Important Photography Issues

Have you thought about what is important to you in your photography?

Have you come across the old chestnut of working out what is urgent and what’s important? We all striving to complete tasks that are both urgent and important.

But what about the things that are important but not urgent, things to do in the future that are very easy to leave on the back burner?

See the rest of this article at http://www.andybeelfrps.co.uk/Articles

The picture above was taken at Dungeness in Kent with a 100 – 40omm Zoom lens at 1/180 sec, f8 on a monopod.

(c) Andy Beel FRPS

 

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10 responses to Important Photography Issues

  1. A.Barlow says:

    Really cool shot love the dark skies. The only thing really that I find important at this time photographically is that I keep making pictures. It’s a nice bonus if others like them, but that’s not as important. As long as I get to be creative and push that envelope, things will fall into place.

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    • andybeel says:

      Hi Yes persitence towards a defined goal will really help our photography. Thanks for dropping by my little blog. Andy

      Like

  2. mina says:

    I agree with you. But then again, I think sometimes it is also good to shoot freely … Sometimes I am attracted by a shot and I do not have a clear reason why … perhaps the reason comes later … or not ..

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    • andybeel says:

      Hi Mina I have read that the sub-concious mind is may be a year or two in advance of the concious mind, perhaps that is why we all do creative things that we don’t know why but just know it feels right to us.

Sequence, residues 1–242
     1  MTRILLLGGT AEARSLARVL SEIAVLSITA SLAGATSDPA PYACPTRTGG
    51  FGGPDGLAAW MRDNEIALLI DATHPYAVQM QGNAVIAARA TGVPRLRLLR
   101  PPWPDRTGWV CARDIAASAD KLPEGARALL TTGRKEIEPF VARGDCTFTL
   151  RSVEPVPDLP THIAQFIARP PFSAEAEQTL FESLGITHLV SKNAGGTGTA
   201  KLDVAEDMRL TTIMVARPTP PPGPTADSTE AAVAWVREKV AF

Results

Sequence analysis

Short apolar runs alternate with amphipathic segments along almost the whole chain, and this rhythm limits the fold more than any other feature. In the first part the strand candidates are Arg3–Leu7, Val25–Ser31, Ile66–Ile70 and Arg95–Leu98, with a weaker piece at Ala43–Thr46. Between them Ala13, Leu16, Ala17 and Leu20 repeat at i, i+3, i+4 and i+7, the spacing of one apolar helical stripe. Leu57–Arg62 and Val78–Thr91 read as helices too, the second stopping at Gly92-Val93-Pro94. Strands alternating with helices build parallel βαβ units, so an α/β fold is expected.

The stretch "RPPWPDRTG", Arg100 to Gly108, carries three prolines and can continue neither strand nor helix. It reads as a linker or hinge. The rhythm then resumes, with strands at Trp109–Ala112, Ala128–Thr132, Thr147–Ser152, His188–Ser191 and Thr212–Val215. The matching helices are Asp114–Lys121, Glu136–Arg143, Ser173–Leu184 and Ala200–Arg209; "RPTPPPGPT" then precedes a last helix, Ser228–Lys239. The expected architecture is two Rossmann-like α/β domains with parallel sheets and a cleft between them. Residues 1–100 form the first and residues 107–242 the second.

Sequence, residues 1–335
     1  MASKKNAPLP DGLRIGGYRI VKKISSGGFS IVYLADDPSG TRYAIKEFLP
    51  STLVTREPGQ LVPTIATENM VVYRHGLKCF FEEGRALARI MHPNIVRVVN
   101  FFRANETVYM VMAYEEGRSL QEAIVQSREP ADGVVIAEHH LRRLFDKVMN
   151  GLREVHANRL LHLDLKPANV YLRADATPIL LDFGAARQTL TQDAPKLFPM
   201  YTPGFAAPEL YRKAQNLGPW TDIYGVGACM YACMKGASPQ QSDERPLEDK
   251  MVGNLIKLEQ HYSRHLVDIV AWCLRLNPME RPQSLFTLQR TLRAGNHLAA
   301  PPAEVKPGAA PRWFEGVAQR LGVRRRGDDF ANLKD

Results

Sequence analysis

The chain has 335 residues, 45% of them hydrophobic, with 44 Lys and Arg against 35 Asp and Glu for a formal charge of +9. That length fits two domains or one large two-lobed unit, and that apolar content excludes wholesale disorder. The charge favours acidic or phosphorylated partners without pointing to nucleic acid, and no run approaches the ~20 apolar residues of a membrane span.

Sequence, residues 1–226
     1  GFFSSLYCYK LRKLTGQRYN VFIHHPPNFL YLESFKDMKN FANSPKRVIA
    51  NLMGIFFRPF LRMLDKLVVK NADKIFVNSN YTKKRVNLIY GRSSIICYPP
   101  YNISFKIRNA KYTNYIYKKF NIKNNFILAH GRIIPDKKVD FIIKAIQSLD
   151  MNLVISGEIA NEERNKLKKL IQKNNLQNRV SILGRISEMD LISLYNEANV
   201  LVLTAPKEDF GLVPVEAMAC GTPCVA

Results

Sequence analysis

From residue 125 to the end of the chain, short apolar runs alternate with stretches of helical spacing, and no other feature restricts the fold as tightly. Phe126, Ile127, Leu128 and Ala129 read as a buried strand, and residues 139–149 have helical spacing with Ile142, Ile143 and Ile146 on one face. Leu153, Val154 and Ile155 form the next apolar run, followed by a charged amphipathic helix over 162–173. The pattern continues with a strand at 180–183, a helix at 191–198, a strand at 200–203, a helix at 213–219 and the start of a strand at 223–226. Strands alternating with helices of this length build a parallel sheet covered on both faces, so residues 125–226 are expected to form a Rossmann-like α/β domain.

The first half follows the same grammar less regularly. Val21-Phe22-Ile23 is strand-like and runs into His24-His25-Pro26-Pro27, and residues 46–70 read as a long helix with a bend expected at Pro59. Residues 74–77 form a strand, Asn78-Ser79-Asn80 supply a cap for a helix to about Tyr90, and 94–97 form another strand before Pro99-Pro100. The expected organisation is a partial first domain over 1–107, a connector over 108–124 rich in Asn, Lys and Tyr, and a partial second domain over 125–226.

Thanks for commenting.

      Andy

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  3. I agree, it’s useful to have an objective, it concentrates the mind and forces us to think and search for the right photographic opportunity – but there’s always a space for intuition though. Sometimes though I find I have to ignore objectives and make the best of what I see, and that’s when I get the best shots.

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    • andybeel says:

      Hi Malcolm I fully agree that intuition is a primary guide. I take pictures of anything I find interesting especially in appropriate lighting. As I have never done colour photography I don’t get side tracked in to thinking about colour, only about brightness of tones.

      Thanks for commenting its appreciated. Andy

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  4. robjbc says:

    A perfect B&W capture. A great use of a telephoto to bring it all together – the rows and tones of brooding clouds are moody and claustrophobic yet there’s a sense of vastness to the whole image too. I love the tension between, and framing provided by, the wall at the bottom right (a feature many would’ve left out I think) and the structure on the far left. Epic composition!

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    • andybeel says:

      Hi Rob thanks for the kind words on the composition of the shot. I took the shot with a bit more space on the RHS. As I’d been to a Degas exhibition in London recently I noticed he has used this composition many times over the years – a long curve or crescent balanced by a darker tone on the opposite side of the frame. Andy

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